It is advisable that new visitors to this website should read the preceding parts before continuing. This building, known locally as ‘The Establishment’ has been on the periphery of the village for over 80 years. Silently operating behind a stand of trees and accessed by a circuitous route via a cinder track beyond Setchell’s Copse, no-one was seen entering or leaving, and there was no contact in the village by those who worked there.
Last week marked the first visit to the Establishment by the new team. After an intense evening thoroughly briefing Mr. Pickard on all our findings and events so far, we regrouped in the car park of the Teat at 9.30am and took stock of our equipment. I’m afraid that we must have seemed woefully underprepared to Mr. Pickard, as Jessie and I had brought a set of basic tools, a few torches and a hearty packed lunch for all three of us (consisting of dollops of paper thin slices of boiled tongue with a light coating of shaved dill pickle on fresh Gurney’s baps, all lovingly prepared by Mrs. Taret, bless her!) Thusly kitted out, we set off towards Doggers Covert.
We were relieved to find that the site had not been visited since we last were here, as the door was still secured and our booby traps were still intact. As Jessie removed the long nails from around the door, Mr. Pickard suggested that we set clear objectives for each visit and after a few brief discussions we decided that our Primary Mission today was to:
- Survey the building to complete our map including the area towards the rear of the main building(1a) and the locked room (1b)
- Undertake a detailed survey of ‘the long room’
With Mr. Pickard’s calm efficiency and preparedness, Jessie’s enthusiasm and brawn, and my local knowledge, it suddenly felt like a very serious exploration. With this in my mind, I led the party inside the Establishment.
The first room was in the same state as we found it previously; largely empty but with the additional graffiti and litter. Mr. Pickard was first to spot that the graffito on the wall with the diagram read ‘Viagra’ and Jessie was fairly sure that it was the ‘tag’ (which I am informed is a sort of graffiti nickname!) of one Carl Vigrass, which seems to fit with the idea that all three boys were here.
After making notes and taking photographs, we made our way through to the larger room in the older building. I was a little sheepish that we had already been here and not made a full circuit of the room. There were some signs of the original walls; slight ridges in the plastering, poorly matched carpeting and tiling etc, as indicated on the Scandinavian map, but it bore no evidence of having housed laboratories and offices. It was a very basic office type room all the way around – the area we had not verified was just more of the same, but the floor was especially damp. We returned to the first room and examined the lock of the locked room; a relatively modern Yale design.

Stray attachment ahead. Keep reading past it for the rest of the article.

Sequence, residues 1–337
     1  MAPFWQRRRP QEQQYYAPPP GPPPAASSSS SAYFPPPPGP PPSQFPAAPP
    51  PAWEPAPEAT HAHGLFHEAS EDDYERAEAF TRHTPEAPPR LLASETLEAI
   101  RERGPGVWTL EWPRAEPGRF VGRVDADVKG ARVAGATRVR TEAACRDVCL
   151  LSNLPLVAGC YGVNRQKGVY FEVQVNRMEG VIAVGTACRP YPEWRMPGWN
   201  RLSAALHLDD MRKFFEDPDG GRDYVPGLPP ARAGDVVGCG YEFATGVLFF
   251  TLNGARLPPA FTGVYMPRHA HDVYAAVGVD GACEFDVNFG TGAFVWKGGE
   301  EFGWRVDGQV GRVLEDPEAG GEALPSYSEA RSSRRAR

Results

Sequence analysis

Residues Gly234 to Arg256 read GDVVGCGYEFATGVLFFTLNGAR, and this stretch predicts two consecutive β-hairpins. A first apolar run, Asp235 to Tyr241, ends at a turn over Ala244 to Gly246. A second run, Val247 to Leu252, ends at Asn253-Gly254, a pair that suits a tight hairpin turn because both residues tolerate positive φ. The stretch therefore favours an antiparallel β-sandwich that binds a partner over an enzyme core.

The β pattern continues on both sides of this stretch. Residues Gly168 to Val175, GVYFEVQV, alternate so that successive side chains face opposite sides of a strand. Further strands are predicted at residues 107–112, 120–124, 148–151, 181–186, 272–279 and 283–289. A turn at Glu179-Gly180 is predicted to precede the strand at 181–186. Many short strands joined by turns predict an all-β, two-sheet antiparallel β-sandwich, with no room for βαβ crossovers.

Jessie suggested we pick the lock using a hair grip, but it was soon established that we were without any hair grips or lock-picking skills. Mr. Pickard searched in his rucksack for a few moments and brought out a small, battery-powered tool, to which he inserted a rather elegant-looking drill bit, donned a pair of safety goggles and knelt at the door. It took only a few minutes before the lock tumblers had been completely bored out, and with scarcely a breath taken, he had returned the tool to its place in his pack!
I must say that Jessie and I were both a little awed at Mr. Pickard’s quiet efficiency in this work, and we suggested that he be the first to see beyond the door. Again, without ceremony, he pulled open the door and flicked on his torch (which neither of us had noticed he was even carrying!) to reveal a completely empty room. The striking thing was that this room was very clean and almost new looking – not a speck of dust or detritus anywhere, which was entirely at odds with the rest of the building.
We stood inside the room for a few moments, frowning and scratching our heads before turning to leave. As we were filing back through the doorway Jessie spotted that there was an envelope taped to the back of the door. The envelope was sealed and written in an elegant but untidy script was the word ‘Nightjar.’
After a brief discussion, we decided to keep the envelope to open later on, so as not to get distracted from our original mission to explore further than we had previously. Again, Mr. Pickard deftly secured the envelope in a clear plastic self-seal bag on which he noted the time and date where it was found, along with the exact location in the building, including the exact spot on the door measured with controlled snap of a retractable metal tape measure and the manner of an efficient, but enthusiastic undertaker.